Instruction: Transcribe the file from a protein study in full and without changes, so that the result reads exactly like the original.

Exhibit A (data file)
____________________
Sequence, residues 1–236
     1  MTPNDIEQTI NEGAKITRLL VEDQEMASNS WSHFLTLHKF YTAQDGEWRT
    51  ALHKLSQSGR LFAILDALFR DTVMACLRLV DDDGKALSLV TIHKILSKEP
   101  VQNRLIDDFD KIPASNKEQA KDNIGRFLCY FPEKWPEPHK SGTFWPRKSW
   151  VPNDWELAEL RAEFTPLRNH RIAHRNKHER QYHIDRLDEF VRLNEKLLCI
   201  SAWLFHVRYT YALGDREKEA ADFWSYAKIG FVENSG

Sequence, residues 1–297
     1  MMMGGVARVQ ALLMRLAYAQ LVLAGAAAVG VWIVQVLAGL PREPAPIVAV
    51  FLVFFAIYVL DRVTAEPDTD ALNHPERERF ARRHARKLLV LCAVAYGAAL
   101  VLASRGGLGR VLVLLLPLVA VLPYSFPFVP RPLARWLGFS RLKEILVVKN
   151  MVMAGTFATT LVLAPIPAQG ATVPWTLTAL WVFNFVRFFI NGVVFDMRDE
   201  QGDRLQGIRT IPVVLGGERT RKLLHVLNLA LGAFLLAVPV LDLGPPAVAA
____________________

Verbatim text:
Sequence, residues 1–236
     1  MTPNDIEQTI NEGAKITRLL VEDQEMASNS WSHFLTLHKF YTAQDGEWRT
    51  ALHKLSQSGR LFAILDALFR DTVMACLRLV DDDGKALSLV TIHKILSKEP
   101  VQNRLIDDFD KIPASNKEQA KDNIGRFLCY FPEKWPEPHK SGTFWPRKSW
   151  VPNDWELAEL RAEFTPLRNH RIAHRNKHER QYHIDRLDEF VRLNEKLLCI
   201  SAWLFHVRYT YALGDREKEA ADFWSYAKIG FVENSG

Sequence, residues 1–297
     1  MMMGGVARVQ ALLMRLAYAQ LVLAGAAAVG VWIVQVLAGL PREPAPIVAV
    51  FLVFFAIYVL DRVTAEPDTD ALNHPERERF ARRHARKLLV LCAVAYGAAL
   101  VLASRGGLGR VLVLLLPLVA VLPYSFPFVP RPLARWLGFS RLKEILVVKN
   151  MVMAGTFATT LVLAPIPAQG ATVPWTLTAL WVFNFVRFFI NGVVFDMRDE
   201  QGDRLQGIRT IPVVLGGERT RKLLHVLNLA LGAFLLAVPV LDLGPPAVAA